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Title: Governing through freedom, ruling at a distance: neoliberal governmentality and the new aid architecture in the AIDS response in Malawi
Authors: Marandet, Elodie
Advisors: Ansell, N
Buckingham, S
Keywords: Aid effectiveness;Aid relations;Power;International development;Foucault
Issue Date: 2012
Publisher: Brunel University School of Health Sciences and Social Care PhD Theses
Abstract: In this thesis, I critically analyse power relations between donors and the government of Malawi (GoM) under the new aid architecture and argue that this new configuration represents a shift away from domination, with donors attempting to impose policies, and towards more subtle interactions, through which donors seek to transform the GoM into a self-disciplined, entrepreneurial, neoliberal subject by shaping its aspirations and promoting specific norms of conduct, ‘truths’ and policy-related techniques. The research focuses on funding for AIDS and draws on forty interviews with representatives from the GoM, donors and civil society, conducted in Malawi 2008, as well as discursive analysis of secondary sources. I use Foucault’s concept of governmentality, a form of productive power focused on the care of the population and working through individuals’ subjectivities, and extend it to the relation between donors and the GoM. I show that the agency of the GoM is both elicited by the principle of country ownership, and re-worked through the increased involvement of donors in the policy sphere. I explore how these interactions are legitimised by a discourse that presents donors and the GoM as equals, while casting the GoM as technically deficient and requiring donors’ intervention. I analyse how donors instrumentalise dialogue with the GoM to instil an ethos of self-responsibility.I also investigate how AIDS funding has been made reliant on public financial management reforms, which re-code social domains according to an economic logic, by subordinating government activities to macroeconomic imperatives and creating new undemocratic accountabilities based on market rationalities. I argue that by restructuring the GoM according to this neoliberal rationality, the new aid architecture has programmatic effects, allowing donors to rule at a distance. I also examine avenues for resistance, particularly the potential residing in the intrinsic contradictions of this rationality.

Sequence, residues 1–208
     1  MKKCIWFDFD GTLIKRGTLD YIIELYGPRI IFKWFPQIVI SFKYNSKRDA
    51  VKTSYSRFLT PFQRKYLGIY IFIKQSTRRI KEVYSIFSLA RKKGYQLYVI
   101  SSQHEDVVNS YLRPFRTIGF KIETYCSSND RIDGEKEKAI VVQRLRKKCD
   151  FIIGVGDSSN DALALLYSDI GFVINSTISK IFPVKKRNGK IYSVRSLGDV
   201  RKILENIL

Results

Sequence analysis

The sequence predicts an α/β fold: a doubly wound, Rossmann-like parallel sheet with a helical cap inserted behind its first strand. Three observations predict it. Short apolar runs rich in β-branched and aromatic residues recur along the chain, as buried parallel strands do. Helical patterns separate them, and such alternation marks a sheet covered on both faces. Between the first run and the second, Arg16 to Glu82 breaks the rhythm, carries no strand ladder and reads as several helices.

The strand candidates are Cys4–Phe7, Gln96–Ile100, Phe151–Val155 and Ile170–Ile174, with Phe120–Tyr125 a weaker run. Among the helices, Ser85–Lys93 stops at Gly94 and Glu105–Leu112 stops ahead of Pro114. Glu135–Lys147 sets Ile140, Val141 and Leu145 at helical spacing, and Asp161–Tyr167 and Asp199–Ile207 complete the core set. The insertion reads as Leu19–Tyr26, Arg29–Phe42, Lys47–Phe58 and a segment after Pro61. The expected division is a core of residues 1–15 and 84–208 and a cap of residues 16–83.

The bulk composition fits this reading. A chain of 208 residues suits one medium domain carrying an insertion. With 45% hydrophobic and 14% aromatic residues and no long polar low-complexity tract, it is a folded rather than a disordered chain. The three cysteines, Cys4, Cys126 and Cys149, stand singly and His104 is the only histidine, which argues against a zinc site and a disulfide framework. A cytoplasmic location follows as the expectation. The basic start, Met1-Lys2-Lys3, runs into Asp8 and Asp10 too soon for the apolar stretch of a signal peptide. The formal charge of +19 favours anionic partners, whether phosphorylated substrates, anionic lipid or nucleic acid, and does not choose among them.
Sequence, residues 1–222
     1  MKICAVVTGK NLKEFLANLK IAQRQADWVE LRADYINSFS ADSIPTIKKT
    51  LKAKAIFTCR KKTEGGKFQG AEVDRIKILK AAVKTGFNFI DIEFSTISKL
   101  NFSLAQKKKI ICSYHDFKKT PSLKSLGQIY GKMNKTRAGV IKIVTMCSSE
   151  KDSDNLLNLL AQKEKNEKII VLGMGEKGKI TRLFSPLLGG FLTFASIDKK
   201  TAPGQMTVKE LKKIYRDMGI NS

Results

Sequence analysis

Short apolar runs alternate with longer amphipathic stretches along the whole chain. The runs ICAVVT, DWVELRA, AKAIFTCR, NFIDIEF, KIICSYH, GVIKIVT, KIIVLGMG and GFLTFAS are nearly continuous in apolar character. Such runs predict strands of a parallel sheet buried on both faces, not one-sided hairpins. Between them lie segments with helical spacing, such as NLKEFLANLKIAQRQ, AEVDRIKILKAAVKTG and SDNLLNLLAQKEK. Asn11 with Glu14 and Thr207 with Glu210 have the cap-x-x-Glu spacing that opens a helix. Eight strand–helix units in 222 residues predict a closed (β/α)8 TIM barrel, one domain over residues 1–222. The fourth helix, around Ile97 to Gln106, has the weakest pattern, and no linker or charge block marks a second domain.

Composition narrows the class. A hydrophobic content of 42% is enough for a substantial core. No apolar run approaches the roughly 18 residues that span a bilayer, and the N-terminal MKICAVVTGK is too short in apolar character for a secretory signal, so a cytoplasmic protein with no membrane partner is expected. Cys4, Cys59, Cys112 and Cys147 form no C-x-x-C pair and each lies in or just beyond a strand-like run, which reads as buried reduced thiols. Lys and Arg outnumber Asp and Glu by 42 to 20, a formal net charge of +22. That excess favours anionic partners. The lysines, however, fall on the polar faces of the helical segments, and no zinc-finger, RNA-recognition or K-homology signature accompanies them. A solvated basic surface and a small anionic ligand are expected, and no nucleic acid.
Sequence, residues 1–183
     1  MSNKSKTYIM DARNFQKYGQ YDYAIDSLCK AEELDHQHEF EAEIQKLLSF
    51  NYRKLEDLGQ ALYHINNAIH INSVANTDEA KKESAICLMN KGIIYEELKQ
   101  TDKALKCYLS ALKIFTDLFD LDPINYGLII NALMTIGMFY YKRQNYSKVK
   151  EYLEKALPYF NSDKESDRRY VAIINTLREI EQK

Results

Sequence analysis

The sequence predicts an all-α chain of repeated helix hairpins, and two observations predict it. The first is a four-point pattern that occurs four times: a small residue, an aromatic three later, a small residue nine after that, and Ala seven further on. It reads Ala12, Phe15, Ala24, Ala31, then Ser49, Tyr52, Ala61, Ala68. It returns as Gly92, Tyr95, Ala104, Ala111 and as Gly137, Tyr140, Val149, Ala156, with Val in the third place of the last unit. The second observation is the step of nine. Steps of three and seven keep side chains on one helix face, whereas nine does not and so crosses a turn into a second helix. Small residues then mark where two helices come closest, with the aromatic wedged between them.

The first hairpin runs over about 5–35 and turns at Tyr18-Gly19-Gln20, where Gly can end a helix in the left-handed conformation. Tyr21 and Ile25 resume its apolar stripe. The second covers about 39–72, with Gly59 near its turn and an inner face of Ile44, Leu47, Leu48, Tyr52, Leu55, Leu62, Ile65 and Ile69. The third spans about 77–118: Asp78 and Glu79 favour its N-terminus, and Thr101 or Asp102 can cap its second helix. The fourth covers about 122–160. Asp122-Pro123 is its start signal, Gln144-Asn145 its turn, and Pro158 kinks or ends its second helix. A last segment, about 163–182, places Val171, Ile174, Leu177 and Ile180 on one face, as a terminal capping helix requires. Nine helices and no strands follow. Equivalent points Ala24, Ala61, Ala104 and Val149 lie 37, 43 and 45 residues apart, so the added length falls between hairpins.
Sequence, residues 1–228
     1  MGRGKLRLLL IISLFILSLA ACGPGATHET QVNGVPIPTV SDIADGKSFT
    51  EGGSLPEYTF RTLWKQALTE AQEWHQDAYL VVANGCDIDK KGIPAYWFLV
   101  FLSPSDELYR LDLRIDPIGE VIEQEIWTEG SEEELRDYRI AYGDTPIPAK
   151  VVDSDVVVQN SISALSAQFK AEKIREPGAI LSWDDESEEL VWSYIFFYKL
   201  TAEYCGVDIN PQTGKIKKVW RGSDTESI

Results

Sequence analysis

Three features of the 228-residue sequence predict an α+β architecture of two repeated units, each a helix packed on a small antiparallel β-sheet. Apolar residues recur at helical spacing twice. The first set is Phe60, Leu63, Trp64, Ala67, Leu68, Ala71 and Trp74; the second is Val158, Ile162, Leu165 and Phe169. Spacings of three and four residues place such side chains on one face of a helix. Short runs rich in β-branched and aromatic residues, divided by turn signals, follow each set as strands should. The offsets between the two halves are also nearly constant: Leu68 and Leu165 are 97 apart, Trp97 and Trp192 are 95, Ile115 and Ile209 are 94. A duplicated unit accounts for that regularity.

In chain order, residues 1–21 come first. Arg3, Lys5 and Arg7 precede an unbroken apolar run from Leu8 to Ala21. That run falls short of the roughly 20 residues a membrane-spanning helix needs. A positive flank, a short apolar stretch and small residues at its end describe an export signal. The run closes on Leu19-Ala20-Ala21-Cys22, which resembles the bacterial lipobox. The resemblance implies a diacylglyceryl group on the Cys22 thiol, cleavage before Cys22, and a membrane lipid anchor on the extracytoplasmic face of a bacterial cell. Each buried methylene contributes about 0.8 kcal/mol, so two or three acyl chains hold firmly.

Description: This thesis was submitted for the degree of Doctor of Philosophy and awarded by Brunel University.
Appears in Collections:Human Geography
Dept of Clinical Sciences Theses

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